“The TSA unfortunately hemorrhages a lot of talent,” Contreras said. “A lot of people show up to work, decide that it’s too much for the amount of pay and rights that we have and decide to go to other government organizations.”
Contreras and other TSOs said they see consistent turnover among their colleagues, and they see low pay as the main driver of the agency’s staffing challenges.
“When a new employee comes in the door, after they’re there for a year, they make approximately $3,000 less than me, and I’ve been here 19 years,” said Johnny Jones, the secretary-treasurer for the AFGE local representing TSOs at the Dallas/Fort Worth International Airport. “That is part of the problem with the TSA pay system, and it contributes to low morale and the continual rotation of employees out the door.”
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There’s some bipartisan agreement in Congress that TSOs are underpaid, but members haven’t found consensus yet on the best path forward for raising their salaries. A blue-ribbon commission in 2019 recommended Congress appropriate more funding for TSA to raise officer salaries but advised members against moving TSOs to the General Schedule.
Turnover has long been a challenge for TSA, and it didn’t go away during the pandemic, TSOs said.
“Everyone who left during COVID either had concerns about COVID affecting their health and their pre-existing conditions [or] concerns that the agency wasn’t doing enough to protect them,” said Sarah Turley, a secretary for the AFGE local representing TSOs in West Virginia. “At that time, we weren’t issuing masks yet. The partitions weren’t in place; passengers weren’t wearing masks. So many officers extinguished a lot of their sick leave to take time off to stay off of work, and then when it was time to return to work they choose to leave the agency for their health.”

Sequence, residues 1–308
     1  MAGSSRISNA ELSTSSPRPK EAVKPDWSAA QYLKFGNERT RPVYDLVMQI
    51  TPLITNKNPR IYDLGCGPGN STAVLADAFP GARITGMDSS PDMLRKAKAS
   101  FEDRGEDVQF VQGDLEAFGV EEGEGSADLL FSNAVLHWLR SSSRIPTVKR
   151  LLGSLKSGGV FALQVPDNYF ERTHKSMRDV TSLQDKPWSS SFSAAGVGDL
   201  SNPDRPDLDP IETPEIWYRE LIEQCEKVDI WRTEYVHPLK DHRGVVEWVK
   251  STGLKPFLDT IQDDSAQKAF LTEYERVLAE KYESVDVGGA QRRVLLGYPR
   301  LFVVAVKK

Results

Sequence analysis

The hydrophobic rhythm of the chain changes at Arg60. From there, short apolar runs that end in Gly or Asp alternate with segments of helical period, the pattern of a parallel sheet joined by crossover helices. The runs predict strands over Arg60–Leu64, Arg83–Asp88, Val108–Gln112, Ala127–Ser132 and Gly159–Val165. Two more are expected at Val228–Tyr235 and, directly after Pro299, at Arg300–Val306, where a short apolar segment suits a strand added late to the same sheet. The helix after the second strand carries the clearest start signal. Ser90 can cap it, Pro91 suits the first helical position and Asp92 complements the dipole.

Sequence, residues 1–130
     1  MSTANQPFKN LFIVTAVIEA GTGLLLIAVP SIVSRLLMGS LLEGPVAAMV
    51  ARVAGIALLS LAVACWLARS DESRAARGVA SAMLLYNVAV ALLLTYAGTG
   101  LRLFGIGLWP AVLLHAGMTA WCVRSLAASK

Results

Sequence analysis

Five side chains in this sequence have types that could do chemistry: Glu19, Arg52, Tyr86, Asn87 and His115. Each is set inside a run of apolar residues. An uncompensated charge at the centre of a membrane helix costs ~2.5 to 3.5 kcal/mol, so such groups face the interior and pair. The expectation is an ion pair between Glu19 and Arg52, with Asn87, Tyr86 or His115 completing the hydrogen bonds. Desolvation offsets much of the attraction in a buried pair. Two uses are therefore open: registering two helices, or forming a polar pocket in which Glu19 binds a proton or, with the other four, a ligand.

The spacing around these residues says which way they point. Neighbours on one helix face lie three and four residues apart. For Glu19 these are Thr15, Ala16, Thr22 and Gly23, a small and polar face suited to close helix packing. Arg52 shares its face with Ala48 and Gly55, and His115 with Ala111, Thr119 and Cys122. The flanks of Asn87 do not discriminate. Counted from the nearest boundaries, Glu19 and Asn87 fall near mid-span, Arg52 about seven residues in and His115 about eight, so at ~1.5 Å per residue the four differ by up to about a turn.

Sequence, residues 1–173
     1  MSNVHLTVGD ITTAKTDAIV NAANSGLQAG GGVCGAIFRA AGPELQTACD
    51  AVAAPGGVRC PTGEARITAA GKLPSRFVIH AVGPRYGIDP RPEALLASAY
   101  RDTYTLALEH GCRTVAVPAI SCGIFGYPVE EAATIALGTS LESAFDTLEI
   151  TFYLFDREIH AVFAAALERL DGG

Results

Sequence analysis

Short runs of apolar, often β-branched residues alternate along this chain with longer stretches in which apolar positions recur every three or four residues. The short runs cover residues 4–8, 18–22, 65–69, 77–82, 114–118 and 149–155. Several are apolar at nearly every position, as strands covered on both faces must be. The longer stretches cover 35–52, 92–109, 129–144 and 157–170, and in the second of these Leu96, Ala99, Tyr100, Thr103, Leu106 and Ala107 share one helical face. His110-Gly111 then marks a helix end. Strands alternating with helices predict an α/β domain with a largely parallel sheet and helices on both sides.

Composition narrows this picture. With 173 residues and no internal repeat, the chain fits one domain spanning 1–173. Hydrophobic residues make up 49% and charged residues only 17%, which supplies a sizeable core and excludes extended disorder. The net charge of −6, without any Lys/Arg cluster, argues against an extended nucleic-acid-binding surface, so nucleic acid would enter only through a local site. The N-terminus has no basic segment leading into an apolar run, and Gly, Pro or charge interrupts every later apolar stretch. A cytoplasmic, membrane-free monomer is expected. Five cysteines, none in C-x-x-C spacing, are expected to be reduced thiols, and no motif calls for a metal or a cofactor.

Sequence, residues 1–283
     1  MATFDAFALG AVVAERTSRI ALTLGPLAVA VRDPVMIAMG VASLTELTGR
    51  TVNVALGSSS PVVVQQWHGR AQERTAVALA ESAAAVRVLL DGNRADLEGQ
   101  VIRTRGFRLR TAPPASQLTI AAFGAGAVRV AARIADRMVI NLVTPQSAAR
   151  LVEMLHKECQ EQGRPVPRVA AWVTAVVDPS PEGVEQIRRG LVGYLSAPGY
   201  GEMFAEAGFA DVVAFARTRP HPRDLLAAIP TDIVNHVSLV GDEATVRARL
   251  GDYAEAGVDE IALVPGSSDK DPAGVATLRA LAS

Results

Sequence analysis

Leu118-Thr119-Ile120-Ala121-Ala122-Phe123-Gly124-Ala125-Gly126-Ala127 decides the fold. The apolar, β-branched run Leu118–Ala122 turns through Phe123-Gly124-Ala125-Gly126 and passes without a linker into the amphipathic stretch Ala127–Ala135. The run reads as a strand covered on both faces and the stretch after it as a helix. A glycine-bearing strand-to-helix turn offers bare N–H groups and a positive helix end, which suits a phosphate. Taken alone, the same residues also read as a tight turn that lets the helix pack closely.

Part time TSOs have also left during the pandemic for more consistent hours and better pay, she added.
Contreras said he has former colleagues who have left for call-center jobs where they can work from home during the pandemic.
The job itself is difficult, and the pandemic has made it more challenging, the TSOs said.
Palmer recently returned to work after contracting COVID-19 herself.
“I was actually scared to come back, because what I went through with COVID, it was like I was on my death bed,” she said.
Today, TSA has 603 employees with active COVID-19 cases, according to the agency’s data. A total of 10,003 TSA employees have tested positive for the virus since the pandemic began, and 23 workers have died due to complications from COVID-19.
Officers are responsible for enforcing the federal mask mandate among passengers while they’re at the TSA screening hubs, and the agency recently told the union it’s seeing an uptick in passenger assaults and harassments against TSOs, Jones said.
“There’s definitely been a change in the passengers’ attitudes. Most of the passengers we’ve been seeing are less-frequent travelers, more vacationers. The masks seem to disrupt their vacation,” Turley said. “That doesn’t stop people from getting angry or just to vent because you’re there. They just want to vent to tell you how stupid they feel like the masks are. They’re just more highly agitated wearing the masks.”